Nearly three years after her brother died of a drug overdose, a South Carolina woman is suing an Uber driver who allegedly provided her late brother drugs containing fentanyl around the time of his death.
Crista Linares Grainger, sister of Sebastian Linares Grainger, filed the wrongful death lawsuit against Uber Technologies / Raiser LLC and former Uber driver Jesse McNeal on March 23 in Charleston County Court.
According to the lawsuit, McNeal, of Charleston, allegedly had a criminal record and a cocaine habit before be started working for Uber.
“McNeal resumed his cocaine habit while driving for Uber, purportedly so that he could “stay awake” to drive for Uber at night,” the lawsuit said.
The lawsuit said “McNeal had contacts with individuals known to law enforcement as drug dealers and suppliers,” while he was working for Uber.
Sebastian Linares Grainger met McNeal through Uber, the lawsuit said.
During an Uber ride, “McNeal offered to procure drugs for Sebastian, and the ride destination was changed to the drug dealer’s address,” the lawsuit said.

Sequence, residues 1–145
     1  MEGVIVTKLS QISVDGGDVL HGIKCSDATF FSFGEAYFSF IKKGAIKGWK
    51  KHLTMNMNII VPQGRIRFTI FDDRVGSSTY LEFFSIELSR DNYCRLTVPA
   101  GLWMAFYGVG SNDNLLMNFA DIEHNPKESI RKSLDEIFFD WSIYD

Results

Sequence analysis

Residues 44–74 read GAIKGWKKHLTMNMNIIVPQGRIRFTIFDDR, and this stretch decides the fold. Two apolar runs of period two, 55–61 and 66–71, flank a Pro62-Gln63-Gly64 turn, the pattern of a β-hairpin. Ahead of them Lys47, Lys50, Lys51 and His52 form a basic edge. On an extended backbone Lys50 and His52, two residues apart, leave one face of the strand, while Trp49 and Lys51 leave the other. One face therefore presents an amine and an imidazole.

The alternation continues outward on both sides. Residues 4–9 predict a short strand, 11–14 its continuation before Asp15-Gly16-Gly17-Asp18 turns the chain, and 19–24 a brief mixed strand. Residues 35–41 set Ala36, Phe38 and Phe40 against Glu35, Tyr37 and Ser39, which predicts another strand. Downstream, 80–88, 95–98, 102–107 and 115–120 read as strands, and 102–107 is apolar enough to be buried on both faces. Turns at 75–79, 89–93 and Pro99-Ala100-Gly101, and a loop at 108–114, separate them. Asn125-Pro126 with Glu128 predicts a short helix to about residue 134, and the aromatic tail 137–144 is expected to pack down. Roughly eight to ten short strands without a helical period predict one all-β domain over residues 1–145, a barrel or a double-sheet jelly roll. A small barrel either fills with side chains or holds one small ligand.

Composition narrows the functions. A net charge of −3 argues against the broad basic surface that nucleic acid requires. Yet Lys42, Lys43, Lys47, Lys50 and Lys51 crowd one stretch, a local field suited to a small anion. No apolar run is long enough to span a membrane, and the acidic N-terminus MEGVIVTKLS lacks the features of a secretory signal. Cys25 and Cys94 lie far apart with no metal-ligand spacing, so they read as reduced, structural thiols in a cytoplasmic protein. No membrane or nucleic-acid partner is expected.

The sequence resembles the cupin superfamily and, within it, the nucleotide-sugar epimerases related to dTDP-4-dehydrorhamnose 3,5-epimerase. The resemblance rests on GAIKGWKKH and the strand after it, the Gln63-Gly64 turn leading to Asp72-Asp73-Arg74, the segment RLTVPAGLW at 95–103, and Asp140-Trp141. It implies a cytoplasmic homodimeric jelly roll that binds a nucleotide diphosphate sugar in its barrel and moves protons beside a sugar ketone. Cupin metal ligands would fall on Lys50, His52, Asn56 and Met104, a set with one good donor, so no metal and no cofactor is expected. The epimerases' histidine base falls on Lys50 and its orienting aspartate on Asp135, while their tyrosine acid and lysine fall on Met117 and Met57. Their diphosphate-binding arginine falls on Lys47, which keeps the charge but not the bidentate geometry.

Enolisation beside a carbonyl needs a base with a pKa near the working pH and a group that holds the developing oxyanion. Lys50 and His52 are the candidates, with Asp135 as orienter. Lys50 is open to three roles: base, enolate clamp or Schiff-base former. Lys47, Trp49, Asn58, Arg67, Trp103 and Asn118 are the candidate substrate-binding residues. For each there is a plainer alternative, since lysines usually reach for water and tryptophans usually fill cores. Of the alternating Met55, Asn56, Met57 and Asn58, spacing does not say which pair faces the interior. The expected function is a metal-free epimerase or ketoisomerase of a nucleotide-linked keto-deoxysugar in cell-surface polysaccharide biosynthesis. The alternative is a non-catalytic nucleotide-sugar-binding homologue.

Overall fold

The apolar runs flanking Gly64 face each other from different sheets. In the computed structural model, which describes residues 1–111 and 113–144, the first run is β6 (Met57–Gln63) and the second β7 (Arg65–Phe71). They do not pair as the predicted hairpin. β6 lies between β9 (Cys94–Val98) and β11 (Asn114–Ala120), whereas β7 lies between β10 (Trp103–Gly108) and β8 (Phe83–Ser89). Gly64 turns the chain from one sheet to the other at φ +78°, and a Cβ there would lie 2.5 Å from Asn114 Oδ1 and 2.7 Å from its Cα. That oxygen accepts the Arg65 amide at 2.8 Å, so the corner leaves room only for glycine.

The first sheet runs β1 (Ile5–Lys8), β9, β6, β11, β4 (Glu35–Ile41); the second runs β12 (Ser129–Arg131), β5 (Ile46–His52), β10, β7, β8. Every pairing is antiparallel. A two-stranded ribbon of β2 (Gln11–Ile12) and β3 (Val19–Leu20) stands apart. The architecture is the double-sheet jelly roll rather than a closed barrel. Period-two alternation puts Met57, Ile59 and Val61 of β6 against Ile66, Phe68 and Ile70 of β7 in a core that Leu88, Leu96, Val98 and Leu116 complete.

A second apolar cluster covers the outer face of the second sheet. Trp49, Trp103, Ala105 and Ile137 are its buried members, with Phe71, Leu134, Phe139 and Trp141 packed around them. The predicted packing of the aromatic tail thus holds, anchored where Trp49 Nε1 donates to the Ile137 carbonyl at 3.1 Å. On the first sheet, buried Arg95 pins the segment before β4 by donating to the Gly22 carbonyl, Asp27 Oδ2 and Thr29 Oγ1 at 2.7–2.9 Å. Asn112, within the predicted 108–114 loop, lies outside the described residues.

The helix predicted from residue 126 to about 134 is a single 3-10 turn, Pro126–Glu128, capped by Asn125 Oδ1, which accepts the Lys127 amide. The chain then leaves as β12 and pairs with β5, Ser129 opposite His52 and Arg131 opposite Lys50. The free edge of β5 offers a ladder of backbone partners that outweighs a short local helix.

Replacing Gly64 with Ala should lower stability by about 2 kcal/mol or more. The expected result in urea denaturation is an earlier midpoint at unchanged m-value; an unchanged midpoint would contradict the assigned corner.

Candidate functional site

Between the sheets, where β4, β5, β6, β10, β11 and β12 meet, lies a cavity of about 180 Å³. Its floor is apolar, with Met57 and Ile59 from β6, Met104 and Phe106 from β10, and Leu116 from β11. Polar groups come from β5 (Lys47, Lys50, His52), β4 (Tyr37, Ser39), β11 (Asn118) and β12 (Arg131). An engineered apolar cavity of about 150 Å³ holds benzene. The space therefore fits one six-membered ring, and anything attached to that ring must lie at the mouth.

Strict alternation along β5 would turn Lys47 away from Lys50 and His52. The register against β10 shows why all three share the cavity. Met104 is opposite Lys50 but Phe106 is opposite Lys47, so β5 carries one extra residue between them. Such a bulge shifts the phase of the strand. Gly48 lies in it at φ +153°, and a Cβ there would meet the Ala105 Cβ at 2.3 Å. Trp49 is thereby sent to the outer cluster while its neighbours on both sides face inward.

Between March 27 and April 3, 2017, McNeal allegedly procured drugs for Sebastian. The drugs contained fentanyl, but neither of them knew this at the time, according to the lawsuit.
On April 3, 2017, 27-year-old Sebastian Linares Grainger died from an accidental drug overdose on his birthday.
He was a Citadel graduate and a member of the National Guard, the lawsuit said.
When he died, Sebastian Linares Grainger, of Charleston, was working for an insurance company and was a grad student at the Citadel, the lawsuit said.
According to the lawsuit, McNeal was charged and convicted for his involvement in Sebastian’s death, and is currently incarcerated (note: we have not found any records online of this).
McNeal continued to work for Uber after Sebastian’s death, the lawsuit said.
Before trial, McNeal was “deemed a danger to the public because of his conduct and because of his position as an Uber driver,” the lawsuit said.
The lawsuit accuses Uber of not vetting its drivers properly.
“Prior to Sebastian’s death, Uber was aware that several of its drivers were offering to procure illegal drugs for their passengers,”the lawsuit said. “Uber failed to properly screen, supervise, and monitor McNeal and his use of the Uber application, Uber platform, and Uber signage.”
It says Sebastian lost his life “as a direct and proximate result of (McNeal and Uber’s) recklessness and gross negligence.”
“Uber knew or should have known that its hire of Jesse McNeal as an Uber driver created an undue risk of harm to the public,” the lawsuit said
Attorney Michelle N. Endemann, of Charleston, is representing Crista Linares Grainge in the lawsuit.
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